- Brandt L, Brandt J, Olsson H, Anderson H, Moller T: Blood transfusion as a risk factor for non-Hodgkin lymphoma. Br J Cancer. 1996, 73: 1148-1151.View ArticlePubMedPubMed CentralGoogle Scholar
- Zur HH: Viruses in human cancers. Science. 1991, 254: 1167-1173. 10.1126/science.1659743.View ArticleGoogle Scholar
- Devesa SS, Fears T: Non-Hodgkin's lymphoma time trends: United States and international data. Cancer Res. 1992, 52: 5432s-5440s.PubMedGoogle Scholar
- Doorduijn JK, Sonneveld P: [Diagnosis and treatment of non-Hodgkin lymphoma in elderly patients]. Ned Tijdschr Geneeskd. 1997, 141: 2152-2157.PubMedGoogle Scholar
- Lundquist DM, Stewart FM: An update on non-Hodgkin's lymphomas. Nurse Pract. 1994, 19: 49-41. 10.1097/00006205-199410000-00006.View ArticleGoogle Scholar
- Kocher MS, Erens G, Thornhill TS, Ready JE: Cost and effectiveness of routine pathological examination of operative specimens obtained during primary total hip and knee replacement in patients with osteoarthritis. J Bone Joint Surg Am. 2000, 82-A: 1531-1535.PubMedGoogle Scholar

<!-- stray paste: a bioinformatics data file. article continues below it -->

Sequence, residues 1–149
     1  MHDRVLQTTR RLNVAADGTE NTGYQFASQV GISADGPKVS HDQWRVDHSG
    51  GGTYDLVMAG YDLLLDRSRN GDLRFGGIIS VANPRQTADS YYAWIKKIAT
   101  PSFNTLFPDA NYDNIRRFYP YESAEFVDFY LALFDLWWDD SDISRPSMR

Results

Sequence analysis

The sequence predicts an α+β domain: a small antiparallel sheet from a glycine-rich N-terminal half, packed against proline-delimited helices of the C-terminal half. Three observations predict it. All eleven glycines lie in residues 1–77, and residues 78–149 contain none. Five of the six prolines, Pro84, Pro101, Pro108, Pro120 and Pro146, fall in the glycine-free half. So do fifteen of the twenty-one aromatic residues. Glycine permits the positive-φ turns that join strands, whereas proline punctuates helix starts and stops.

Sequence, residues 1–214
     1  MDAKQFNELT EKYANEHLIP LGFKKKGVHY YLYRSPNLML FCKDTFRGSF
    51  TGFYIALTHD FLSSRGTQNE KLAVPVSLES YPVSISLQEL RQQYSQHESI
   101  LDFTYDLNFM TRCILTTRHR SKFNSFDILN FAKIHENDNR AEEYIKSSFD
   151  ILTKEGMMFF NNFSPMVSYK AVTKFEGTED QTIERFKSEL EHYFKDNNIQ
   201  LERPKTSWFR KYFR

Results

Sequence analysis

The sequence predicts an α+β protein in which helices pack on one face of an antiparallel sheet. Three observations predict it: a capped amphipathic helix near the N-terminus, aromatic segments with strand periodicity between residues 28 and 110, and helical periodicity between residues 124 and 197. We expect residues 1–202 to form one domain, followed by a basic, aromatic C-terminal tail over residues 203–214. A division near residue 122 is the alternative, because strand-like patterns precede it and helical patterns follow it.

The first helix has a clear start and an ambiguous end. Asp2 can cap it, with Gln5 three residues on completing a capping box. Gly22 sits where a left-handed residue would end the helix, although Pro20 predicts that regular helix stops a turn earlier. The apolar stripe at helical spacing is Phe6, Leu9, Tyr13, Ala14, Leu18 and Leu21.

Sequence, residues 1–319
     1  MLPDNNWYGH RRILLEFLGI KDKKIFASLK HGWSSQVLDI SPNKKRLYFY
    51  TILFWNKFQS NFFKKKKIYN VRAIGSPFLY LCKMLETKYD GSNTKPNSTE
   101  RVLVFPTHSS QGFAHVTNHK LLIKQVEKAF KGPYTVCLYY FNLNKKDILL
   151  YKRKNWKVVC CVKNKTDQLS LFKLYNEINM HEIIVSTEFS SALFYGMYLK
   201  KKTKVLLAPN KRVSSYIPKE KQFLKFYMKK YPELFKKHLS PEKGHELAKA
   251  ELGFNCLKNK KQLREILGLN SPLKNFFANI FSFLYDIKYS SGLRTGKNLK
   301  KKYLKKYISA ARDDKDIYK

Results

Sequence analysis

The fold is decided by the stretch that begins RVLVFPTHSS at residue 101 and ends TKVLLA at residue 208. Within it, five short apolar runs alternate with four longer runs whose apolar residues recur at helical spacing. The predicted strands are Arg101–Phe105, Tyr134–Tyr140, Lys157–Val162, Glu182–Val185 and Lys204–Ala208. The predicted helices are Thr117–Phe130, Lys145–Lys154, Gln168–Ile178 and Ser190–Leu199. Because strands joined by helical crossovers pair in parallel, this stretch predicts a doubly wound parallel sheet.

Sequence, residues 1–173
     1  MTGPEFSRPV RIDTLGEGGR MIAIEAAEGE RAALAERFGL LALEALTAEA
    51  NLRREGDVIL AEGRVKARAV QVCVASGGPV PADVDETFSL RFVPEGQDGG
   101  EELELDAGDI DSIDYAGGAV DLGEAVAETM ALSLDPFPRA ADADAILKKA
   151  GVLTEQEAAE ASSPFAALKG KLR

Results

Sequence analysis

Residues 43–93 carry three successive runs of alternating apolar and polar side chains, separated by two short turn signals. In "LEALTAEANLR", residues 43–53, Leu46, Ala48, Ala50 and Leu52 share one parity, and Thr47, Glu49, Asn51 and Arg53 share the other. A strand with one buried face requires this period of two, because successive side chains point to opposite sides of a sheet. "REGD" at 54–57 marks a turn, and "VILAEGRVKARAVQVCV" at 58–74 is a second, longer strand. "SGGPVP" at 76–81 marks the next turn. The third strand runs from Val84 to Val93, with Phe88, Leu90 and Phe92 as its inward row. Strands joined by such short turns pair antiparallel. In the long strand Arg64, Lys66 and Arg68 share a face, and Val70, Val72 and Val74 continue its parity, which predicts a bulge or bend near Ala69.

- Meding JB, Ritter MA, Jones NL, Keating EM, Faris PM: Determining the necessity for routine pathologic examinations in uncomplicated total hip and total knee arthroplasties. J Arthroplasty. 2000, 15: 69-71. 10.1016/S0883-5403(00)91233-6.View ArticlePubMedGoogle Scholar
- Lawrence T, Moskal JT, Diduch DR: Analysis of routine histological evaluation of tissues removed during primary hip and knee arthroplasty. J Bone Joint Surg Am. 1999, 81: 926-931. 10.1302/0301-620X.81B5.9566.View ArticlePubMedGoogle Scholar
- Raab SS, Slagel DD, Robinson RA: The utility of histological examination of tissue removed during elective joint replacement. A preliminary assessment. J Bone Joint Surg Am. 1998, 80: 331-335.PubMedGoogle Scholar